Virtual Reality to Go:
A USC ICT Mixed Reality Lab Demonstration
David M. Krum
USC Institute forCreative Technologies
Evan A. Suma
USC Institute forCreative Technologies
USC School of Cinematic ArtsUSC Institute for
Our demonstration will exhibit a number of low cost virtual realitysystems built using smartphones, inexpensive optics, and game en-gine software. These systems will demonstrate how VR researchersand developers can leverage current trends in commodity hardwareand software to bring virtual reality to a wider audience. Thisdemonstration dovetails with the Workshop on Off-the-Shelf Vir-tual Reality (OTSVR), which we will also be organizing at the VRconference.
The Mixed Reality Lab at the USC Institute for Creative Tech-nologies works to advance the design and practice of mixed realityand virtual reality. The lab is particularly focused on the researchand development of new technologies and techniques to enhanceimmersion and interaction for learning and training.
Index Terms: H.5.1 [Information Interfaces and Presentation(I.7)]: Multimedia Information SystemsArtificial, augmented,and virtual realities B.4.2 [Input/Output and Data Communica-tions]: Input/Output DevicesImage display
Early virtual reality systems required substantial technical and fi-nancial resources due to the limited computing capability of thetime. Accordingly, image generation, tracking, and content creationwere costly and difficult. Moores Law and other trends in gamingand mobile devices have dramatically changed the landscapes ofcomputing and virtual reality.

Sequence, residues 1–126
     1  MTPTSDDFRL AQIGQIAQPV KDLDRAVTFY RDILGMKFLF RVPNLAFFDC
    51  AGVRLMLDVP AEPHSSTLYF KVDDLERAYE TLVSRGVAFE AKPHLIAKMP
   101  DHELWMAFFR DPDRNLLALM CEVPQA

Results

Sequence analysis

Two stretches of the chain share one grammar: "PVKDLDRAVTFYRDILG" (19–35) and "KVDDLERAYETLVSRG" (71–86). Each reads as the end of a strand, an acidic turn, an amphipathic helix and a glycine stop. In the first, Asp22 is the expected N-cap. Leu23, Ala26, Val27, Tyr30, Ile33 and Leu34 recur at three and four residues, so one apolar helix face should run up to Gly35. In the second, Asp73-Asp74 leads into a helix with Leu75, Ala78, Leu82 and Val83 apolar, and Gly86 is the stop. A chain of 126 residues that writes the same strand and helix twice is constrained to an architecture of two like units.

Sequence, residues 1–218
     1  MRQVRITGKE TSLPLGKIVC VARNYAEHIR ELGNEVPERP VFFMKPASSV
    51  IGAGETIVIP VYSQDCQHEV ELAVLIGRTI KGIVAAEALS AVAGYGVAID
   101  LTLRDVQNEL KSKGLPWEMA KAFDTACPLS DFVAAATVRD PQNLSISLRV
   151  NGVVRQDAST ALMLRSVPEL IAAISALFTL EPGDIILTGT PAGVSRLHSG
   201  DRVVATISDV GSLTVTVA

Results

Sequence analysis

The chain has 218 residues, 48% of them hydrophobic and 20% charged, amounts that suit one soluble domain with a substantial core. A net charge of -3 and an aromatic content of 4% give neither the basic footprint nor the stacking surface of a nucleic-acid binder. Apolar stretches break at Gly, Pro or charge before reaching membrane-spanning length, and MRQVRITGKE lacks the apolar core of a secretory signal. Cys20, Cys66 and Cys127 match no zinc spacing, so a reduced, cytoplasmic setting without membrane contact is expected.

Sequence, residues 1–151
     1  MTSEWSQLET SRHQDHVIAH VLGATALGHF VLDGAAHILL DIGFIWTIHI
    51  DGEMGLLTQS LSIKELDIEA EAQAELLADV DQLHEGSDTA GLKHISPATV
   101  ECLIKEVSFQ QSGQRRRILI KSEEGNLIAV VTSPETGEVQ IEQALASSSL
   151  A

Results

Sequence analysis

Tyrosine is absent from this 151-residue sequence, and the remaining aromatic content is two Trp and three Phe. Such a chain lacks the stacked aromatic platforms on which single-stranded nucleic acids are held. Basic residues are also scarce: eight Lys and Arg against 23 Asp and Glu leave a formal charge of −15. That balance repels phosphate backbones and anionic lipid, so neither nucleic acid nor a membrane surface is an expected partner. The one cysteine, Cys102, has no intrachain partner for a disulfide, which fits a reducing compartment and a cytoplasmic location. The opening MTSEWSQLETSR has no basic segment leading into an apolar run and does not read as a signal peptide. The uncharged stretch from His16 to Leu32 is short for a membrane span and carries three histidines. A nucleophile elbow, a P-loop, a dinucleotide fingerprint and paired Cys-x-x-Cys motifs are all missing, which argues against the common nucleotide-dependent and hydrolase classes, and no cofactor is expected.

The Mixed Reality Lab at the University of Southern CaliforniasInstitute for Creative Technologies (USC ICT) has embarked on anumber of projects which appropriate off-the-shelf technologies tolower the cost of virtual reality systems. Examples of our work inthis area includes a gesture control toolkit that utilizes the Kinectdepth camera  and a smartphone based head mounted displayusing LEEP optics  (see Figure 4).
We have continued to develop a number of low cost virtual re-ality systems that utilize commodity hardware and software, suchas smartphones, inexpensive 3D stereoscopic optics, and commod-ity game engines. This has yielded systems such as a smartphonebased virtual reality system using Hasbro My3D optics .
At Virtual Reality 2012, we propose to demonstrate several ofthese systems using both Google Android and Apple iOS baseddevices, in conjuction with our workshop on Off-the-Shelf VirtualReality (OTSVR). These devices utilize off-the-shelf optics, likethe Hasbro my3D add-on for Apple iOS devices, and inexpensive,custom optics designed by our lab, for Android devices.
We have created a number of immersive training games anddemonstration environments using the Unity game engine which
Figure 1: A commodity smartphone based virtual reality system us-ing Hasbro my3D optics.
Figure 2: Screen images from the smartphone based virtual realitysystem displaying stereo pairs from a memory training game.